A record 90 million Americans have voted early in the 2020 US presidential election, the latest statistics have shown, as President Donald Trump of Republican Party and his Democratic rival Joe Biden campaign across the country to sway the few remaining undecided voters.
The high number of early voters, about 65 per cent of the total turnout in 2016, is a reflection of the intense interest in the contest, with two days left for the campaign.
Biden was in Michigan and Trump in Pennsylvania, states that could be key to winning the White House in Tuesday final poll.
Mr Biden, joined by ex-President Barack Obama, said the US was “done with the chaos” of the Trump administration.
But Trump said there would be a “great red wave” of Republican victories.
Biden has a solid lead in the polls, but his advantage is narrower in swing states that could decide the election.
About 55 million of those that have voted did so by post, setting the country on course for its biggest voter turnout in over a century.
Concerns about exposure to the coronavirus at busy Election Day voting places on Tuesday have also pushed up the numbers of people voting by mail or at early in-person polling sites.
Mr Biden and Mr Obama campaigned at a drive-in event in Flint, Michigan, before heading to Detroit where they were joined by singer Stevie Wonder. Mr Trump narrowly won Michigan in 2016.
At the event, Stevie Wonder changed the lyrics to his song Superstition to praise Joe Biden and his running mate Kamala Harris.
In his first appearance on the campaign trail with his former vice-president, Mr Obama compared Mr Biden’s character favourably with Mr Trump’s.
“It used to be that being a man meant taking care of other people… not looking for credit but trying to live right,” he said.
“When you elect Joe, that’s what you’ll see reflected from the White House.”
Taking the stage, Mr Biden tore into his opponent, saying it was time for him to “pack his bags and go home”.
“We’re done with the chaos, the tweets, the anger, the failure, the refusal to take any responsibility,” he added.
Mr Biden’s campaign events have generally been small, as the candidate keeps rigorously to social distancing rules.
Not so for Mr Trump, who held a series of four rallies in Pennsylvania on Saturday.
At the first, in Newtown, he appeared on stage serenaded by chants of “Four more years!” and told the state where the US independence movement began centuries ago that “three days from now this is the state that will save the American dream”.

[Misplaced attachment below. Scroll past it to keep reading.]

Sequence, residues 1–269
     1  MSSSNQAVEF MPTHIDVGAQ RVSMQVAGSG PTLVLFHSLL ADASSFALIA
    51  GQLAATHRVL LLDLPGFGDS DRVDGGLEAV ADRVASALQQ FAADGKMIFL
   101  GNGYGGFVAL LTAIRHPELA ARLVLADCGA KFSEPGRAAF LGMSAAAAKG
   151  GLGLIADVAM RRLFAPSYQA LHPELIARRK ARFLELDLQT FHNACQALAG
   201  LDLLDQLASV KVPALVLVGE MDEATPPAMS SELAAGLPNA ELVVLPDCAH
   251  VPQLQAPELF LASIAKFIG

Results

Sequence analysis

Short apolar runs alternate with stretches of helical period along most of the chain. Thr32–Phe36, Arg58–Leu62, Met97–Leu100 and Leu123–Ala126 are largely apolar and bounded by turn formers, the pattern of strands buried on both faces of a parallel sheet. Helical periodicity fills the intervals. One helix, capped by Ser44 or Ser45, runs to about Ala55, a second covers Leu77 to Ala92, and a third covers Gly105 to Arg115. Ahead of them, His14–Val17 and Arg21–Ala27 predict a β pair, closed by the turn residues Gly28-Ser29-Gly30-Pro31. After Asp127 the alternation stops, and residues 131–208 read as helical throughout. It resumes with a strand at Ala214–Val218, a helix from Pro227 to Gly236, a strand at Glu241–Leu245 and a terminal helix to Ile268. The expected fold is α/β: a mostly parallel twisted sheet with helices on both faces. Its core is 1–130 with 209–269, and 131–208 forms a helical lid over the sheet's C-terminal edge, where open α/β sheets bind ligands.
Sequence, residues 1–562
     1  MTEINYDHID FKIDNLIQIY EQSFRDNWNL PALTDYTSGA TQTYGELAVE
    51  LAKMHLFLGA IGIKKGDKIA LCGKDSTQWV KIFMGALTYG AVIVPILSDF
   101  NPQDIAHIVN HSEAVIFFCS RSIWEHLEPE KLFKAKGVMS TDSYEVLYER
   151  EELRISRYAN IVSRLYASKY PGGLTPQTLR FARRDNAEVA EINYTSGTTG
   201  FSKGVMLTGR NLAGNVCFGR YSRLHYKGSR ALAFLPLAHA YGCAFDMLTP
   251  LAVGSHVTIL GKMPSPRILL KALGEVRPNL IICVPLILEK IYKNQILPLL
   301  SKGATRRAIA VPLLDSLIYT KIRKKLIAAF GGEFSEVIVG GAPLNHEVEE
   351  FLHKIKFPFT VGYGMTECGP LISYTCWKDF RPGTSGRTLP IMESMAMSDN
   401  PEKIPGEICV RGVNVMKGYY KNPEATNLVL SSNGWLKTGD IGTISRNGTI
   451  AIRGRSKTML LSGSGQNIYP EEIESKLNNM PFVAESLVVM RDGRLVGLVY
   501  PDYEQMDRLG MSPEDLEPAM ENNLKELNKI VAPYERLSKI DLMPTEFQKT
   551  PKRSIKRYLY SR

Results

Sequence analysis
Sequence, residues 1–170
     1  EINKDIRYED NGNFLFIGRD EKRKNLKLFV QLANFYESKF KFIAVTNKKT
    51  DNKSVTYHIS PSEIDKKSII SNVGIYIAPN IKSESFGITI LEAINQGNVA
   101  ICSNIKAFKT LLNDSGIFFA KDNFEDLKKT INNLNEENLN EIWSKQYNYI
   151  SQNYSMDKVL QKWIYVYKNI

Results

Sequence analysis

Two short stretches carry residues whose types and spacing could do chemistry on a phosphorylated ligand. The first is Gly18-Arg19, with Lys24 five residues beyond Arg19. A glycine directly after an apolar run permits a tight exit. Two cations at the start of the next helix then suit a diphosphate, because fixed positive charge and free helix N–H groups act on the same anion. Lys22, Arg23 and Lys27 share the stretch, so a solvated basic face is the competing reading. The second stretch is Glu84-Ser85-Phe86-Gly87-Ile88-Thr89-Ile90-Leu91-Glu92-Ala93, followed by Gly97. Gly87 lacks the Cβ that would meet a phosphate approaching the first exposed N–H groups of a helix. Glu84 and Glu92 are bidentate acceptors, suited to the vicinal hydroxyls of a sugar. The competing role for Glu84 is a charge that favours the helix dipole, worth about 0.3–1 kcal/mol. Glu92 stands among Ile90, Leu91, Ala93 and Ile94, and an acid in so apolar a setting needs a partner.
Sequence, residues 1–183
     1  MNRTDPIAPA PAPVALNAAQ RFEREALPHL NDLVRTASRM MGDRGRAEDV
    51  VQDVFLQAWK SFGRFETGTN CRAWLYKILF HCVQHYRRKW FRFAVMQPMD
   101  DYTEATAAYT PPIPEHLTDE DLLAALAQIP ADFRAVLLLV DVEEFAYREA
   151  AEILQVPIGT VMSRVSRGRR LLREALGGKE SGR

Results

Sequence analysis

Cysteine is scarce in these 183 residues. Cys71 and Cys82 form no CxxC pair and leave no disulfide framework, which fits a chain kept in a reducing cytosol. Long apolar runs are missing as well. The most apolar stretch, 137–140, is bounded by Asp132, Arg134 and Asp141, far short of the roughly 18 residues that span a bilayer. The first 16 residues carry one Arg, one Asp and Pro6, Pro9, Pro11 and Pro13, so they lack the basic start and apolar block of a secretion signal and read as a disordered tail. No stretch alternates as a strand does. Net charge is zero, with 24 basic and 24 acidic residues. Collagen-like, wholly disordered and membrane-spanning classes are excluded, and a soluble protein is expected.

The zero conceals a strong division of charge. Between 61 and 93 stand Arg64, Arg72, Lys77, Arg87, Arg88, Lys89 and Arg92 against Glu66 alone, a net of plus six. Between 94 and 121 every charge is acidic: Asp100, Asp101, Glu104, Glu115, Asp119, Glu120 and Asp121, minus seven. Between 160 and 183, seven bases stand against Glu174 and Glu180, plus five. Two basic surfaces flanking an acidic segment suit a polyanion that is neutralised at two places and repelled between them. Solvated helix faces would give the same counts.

He also joked about his recent brush with coronavirus, which also infected First Lady Melania Trump.
“At least those rumours that we don’t live together proved to be false,” he said.
After a rally of several hundred people – relatively small for him – the president flew to Reading, where thousands greeted him on the tarmac.
Mr Trump is planning another 10 rallies over the final two days of the campaign.
His campaign has five events in Michigan, Iowa, North Carolina, Georgia and Florida on Sunday, and then five more on election eve in North Carolina, Pennsylvania, Wisconsin and Michigan.
Opinion polls show Trump trailing former Vice President Biden nationally, but with a closer contest in the most competitive States that will decide the election. Voters say the coronavirus is their top concern.
Trump has repeatedly claimed without evidence that mail-in ballots are susceptible to fraud and has more recently argued that only the results available on election night should count. In a flurry of legal motions, his campaign has sought to restrict absentee balloting.
“I don’t care how hard Donald Trump tries. There’s nothing — let me say that again — there’s nothing that he can do to stop the people of this nation from voting in overwhelming numbers and taking back this democracy,” Biden said at a rally in Flint, Michigan.
At a small, in-person rally in Newtown, Pennsylvania, Trump mocked his opponent for his criticism of the administration’s record of fighting COVID-19, which has killed more people in the United States than in any other country.
“I watched Joe Biden speak yesterday. All he talks about is COVID, COVID. He’s got nothing else to say. COVID, COVID,” Trump told the crowd, some of whom did not wear masks.
He said the United States was “just weeks away” from mass distribution of a safe vaccine against COVID-19, which is pushing hospitals to capacity and killing up to 1,000 people in the United States each day. Trump gave no details to back up his remarks about an imminent vaccine.
Sources: BBC News, thehindubusinessline.com
Buhari to present 2023 budget proposal to NASS Friday
President Muhammadu Buhari will present the 2023 Appropriations bill to a joint session of the National Assembly on Friday.
The appropriations bill will contain budget proposals for the 2023 fiscal year.
He made this known in a letter to the Senate President, Ahmad Lawan, which was read out at the start of plenary on Tuesday.
The formal budget presentation is scheduled for 10am
and it will be the last main budget Buhari will be presenting as he will leave office on 29 May 2023 when his second four year term will end.
The Federal Government is already proposing an aggregate expenditure of N19.76 trillion for the 2023 fiscal year with a budget deficit of about N12.41 trillion.
Some key assumptions in the proposal include an estimated oil benchmark of $70, crude oil production put at 1.69mbpd, exchange rate of N435.57/$ and inflation rate at 17.16 per cent.